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Captains happy to raise the pitch

On-field banter, a recent addition to England-India contests, has spiced up a usually bland relationship

Matt Prior managed to get under Dinesh Karthik's skin with his constant chirping behind the stumps at Lord's © Getty Images
While celebrating the Lord's Test as a spirited contest between bat and ball nobody should forget the services rendered by Matt Prior, Sreesanth, Ryan Sidebottom, Sourav Ganguly, Kevin Pietersen and Michael Vaughan. Their contribution with bat and ball was crucial; their contribution with the lip more so.
Contests work well with a bit of needle and watching cricketers react to provocation is a stirring spectacle in any sport. West Indies created history by chasing 418 at Antigua in 2003 but what stuck in the memory was Ramnaresh Sarwan's squabble with Glenn McGrath.
India v England has historically been a battle of the milk-sops. Pakistan v England matches regularly touch boiling point, West Indies v England has had blackwashes and batteries of raw pace, India v Pakistan an air of sibling rivalry. India v England has seen some tiffs, like the famous Vaseline controversy surrounding John Lever in 1976-77, but the overwhelming atmosphere is one of genteelness. Gundappa Viswanath even called back Bob Taylor in the Jubilee Test of 1980, after the umpire had given Taylor out. Now that's just not cricket.
After a largely bland first two days at Lord's, Sreesanth added spice on the third evening when he fielded a straight-drive from Andrew Strauss and flung it right back at the batsman. Smack, flush on Strauss' backside. The response from Strauss, backing away to the next ball when Sreesanth was halfway through his run-up, produced giggles. On such skirmishes does the character of a match hinge.
Sidebottom chipped in with his share of aggro, shaking his head and the mop of hair above it, but it was really Prior who raised the bar. On the fourth evening, with Dinesh Karthik moving towards his fifty, Prior decided to step in, chirping "Come on Dhoni" every time he was within earshot. When Karthik blocked, Prior didn't approve: "Let's get the entertainer in." Karthik, as if he were at prep school, thought of complaining to the umpire but he was lucky that Sourav Ganguly, that notorious streetfighter, was at the non-striker's end. Ganguly pulled him back and took on Michael Vaughan and Kevin Pietersen on his own, a verbal joust that carried on even after stumps.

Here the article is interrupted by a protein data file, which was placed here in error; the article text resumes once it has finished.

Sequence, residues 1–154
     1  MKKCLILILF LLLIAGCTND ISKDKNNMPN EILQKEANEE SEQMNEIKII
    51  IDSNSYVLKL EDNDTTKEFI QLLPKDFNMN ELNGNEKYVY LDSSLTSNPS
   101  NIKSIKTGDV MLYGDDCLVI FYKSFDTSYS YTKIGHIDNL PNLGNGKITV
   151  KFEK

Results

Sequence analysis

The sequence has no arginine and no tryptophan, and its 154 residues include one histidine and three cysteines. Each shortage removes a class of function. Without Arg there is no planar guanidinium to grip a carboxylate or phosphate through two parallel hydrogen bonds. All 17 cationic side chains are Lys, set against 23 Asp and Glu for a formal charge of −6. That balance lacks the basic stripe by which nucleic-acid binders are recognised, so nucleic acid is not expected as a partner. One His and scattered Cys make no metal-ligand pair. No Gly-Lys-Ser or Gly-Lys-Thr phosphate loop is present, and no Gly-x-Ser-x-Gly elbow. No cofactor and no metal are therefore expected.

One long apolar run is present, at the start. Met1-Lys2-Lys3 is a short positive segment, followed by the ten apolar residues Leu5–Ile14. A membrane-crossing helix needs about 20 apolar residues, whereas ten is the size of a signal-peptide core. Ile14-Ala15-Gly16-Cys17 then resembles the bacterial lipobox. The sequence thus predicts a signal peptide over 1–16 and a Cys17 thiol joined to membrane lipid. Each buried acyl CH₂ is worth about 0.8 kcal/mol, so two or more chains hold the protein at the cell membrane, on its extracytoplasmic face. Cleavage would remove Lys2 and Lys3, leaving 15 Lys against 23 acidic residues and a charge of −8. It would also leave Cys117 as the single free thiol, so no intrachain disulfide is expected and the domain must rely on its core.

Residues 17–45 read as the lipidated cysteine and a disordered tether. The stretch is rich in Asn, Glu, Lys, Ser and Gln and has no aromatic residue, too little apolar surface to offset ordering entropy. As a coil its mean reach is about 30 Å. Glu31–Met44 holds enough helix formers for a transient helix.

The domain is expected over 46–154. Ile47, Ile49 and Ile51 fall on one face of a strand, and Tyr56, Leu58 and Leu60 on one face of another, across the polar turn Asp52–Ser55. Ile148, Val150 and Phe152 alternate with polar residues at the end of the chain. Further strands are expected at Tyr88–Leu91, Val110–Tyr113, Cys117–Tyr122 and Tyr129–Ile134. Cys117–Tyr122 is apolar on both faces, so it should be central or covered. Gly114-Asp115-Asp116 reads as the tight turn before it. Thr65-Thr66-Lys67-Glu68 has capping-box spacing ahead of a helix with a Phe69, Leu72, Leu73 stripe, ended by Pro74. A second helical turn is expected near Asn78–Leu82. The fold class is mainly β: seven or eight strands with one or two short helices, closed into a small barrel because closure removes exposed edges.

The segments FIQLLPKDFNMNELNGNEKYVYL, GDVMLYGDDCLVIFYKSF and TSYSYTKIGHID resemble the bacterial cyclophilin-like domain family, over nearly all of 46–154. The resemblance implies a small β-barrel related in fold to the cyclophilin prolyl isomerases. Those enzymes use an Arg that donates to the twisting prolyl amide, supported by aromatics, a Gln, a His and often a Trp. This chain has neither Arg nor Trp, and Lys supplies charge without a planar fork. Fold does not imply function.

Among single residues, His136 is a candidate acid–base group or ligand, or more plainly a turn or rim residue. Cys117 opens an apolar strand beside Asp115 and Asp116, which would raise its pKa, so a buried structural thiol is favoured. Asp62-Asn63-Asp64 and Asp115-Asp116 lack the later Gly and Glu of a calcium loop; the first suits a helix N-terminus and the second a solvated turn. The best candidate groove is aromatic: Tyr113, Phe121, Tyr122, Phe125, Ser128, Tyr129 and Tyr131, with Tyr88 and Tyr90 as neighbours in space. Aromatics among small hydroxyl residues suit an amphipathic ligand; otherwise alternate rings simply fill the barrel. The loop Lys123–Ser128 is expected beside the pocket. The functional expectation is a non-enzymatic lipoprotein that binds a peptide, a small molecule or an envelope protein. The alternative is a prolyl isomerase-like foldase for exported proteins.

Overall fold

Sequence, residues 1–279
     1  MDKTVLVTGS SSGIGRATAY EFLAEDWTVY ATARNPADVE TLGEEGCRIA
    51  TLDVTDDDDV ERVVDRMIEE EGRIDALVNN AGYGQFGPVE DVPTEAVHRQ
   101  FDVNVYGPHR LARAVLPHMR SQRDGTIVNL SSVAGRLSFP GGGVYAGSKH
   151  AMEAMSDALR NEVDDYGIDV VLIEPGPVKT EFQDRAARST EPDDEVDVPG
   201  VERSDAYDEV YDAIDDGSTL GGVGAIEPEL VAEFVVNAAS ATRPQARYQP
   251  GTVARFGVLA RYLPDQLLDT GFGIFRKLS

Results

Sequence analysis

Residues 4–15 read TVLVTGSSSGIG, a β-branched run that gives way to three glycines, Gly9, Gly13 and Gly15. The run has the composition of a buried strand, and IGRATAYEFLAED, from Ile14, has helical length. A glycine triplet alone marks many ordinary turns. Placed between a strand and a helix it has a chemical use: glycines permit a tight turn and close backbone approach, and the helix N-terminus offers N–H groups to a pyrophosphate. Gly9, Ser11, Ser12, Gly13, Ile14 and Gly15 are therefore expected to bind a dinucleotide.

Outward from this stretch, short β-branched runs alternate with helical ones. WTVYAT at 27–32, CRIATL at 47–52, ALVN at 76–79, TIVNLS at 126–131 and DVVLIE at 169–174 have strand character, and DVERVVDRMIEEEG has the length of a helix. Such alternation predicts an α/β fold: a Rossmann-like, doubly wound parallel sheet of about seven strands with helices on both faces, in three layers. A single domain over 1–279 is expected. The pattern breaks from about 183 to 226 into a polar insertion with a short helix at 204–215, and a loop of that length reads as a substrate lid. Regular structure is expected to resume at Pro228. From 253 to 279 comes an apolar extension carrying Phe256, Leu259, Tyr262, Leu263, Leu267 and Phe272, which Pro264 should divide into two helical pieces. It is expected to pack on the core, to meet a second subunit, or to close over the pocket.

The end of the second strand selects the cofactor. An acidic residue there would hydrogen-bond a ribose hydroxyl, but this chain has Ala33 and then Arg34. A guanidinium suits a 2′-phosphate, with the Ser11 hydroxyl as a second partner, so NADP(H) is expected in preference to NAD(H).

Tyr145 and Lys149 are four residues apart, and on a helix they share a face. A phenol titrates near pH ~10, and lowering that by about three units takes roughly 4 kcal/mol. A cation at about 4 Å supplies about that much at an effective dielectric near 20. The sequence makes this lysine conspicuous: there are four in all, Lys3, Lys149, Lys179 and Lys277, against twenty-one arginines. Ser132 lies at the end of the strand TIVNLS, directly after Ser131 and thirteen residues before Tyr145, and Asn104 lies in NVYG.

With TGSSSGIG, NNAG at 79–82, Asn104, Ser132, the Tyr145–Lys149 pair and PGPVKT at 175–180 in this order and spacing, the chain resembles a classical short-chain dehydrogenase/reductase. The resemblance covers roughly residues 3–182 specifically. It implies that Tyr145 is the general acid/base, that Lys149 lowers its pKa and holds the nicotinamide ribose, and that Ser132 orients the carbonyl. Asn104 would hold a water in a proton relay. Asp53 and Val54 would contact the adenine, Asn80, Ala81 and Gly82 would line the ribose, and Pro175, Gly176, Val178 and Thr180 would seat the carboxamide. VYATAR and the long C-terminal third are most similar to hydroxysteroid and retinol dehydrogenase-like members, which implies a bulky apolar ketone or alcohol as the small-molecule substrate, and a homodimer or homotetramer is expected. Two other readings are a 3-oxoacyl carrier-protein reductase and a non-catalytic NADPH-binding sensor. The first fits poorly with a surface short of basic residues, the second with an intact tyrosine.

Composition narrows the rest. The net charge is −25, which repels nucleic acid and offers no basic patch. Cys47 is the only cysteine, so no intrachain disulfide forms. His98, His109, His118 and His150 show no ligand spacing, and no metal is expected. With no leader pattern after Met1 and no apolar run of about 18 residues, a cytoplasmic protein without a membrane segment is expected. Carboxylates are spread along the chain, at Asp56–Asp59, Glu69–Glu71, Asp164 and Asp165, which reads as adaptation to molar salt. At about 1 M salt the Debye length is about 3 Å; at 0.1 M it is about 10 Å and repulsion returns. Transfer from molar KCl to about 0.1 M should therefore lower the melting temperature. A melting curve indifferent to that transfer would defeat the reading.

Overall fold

"It wasn't a great deal," Vaughan said today, downplaying the chit-chat, "just a bit of talking after play seeing how he was going to play in the morning, that was all. I didn't hear Karthik say anything. It was just a bit of playful banter. You're always trying to put the batsman off, but it was nothing really."
What of Prior's superlative effort behind the stumps? "Most keepers are of a pretty similar character. He's doing well at the moment and I guess it's part of his armoury to try and get one up on the batsman. I don't think many batsmen listen but it's certainly part of his armoury."
The seeds of the current generation's rivalry were sown by Ganguly, Andrew Flintoff and Nasser Hussain; two of them bared their chest, all wore their heart on their sleeve. Ganguly's stint at Lancashire, when he appears to have rubbed up many the wrong way, was when a largely peaceful bilateral relationship turned interesting. Hussain's stubbornness helped. At Headingley in 2002, when India were 500 for 3 with Ganguly and Sachin Tendulkar slaughtering the bowling in the dark, Hussain decided to turn on the sledging. The retort: "We want to hear you talk the same way when you go to the Ashes in December, don't keep quiet there."
Vaughan, it is said, built on the cricketing platform laid by Hussain. He seems to be following suit in the bantering as well. "We are trying to play our cricket with a real intensity about it," he said, "and that involves being a little bit aggressive. It's nothing that we haven't done in the past, it's just something we're doing well at the minute."
Even Rahul Dravid, that ultimate diplomat, didn't seem to have a problem. "There has got to be a bit of that [chit-chat] in international cricket, especially in close games like Lord's," he said with a smile. "The team knows they've got to give everything to win or save a match on the last day. Tempers can get frayed, but the relations between the two teams have been good, off the field as well. I was happy with the spirit in which the first match was played. I don't think it went across the line, a bit of that is good for the game." In an era of clichés and plastic PR, it probably is.

Siddhartha Vaidyanathan is assistant editor of Cricinfo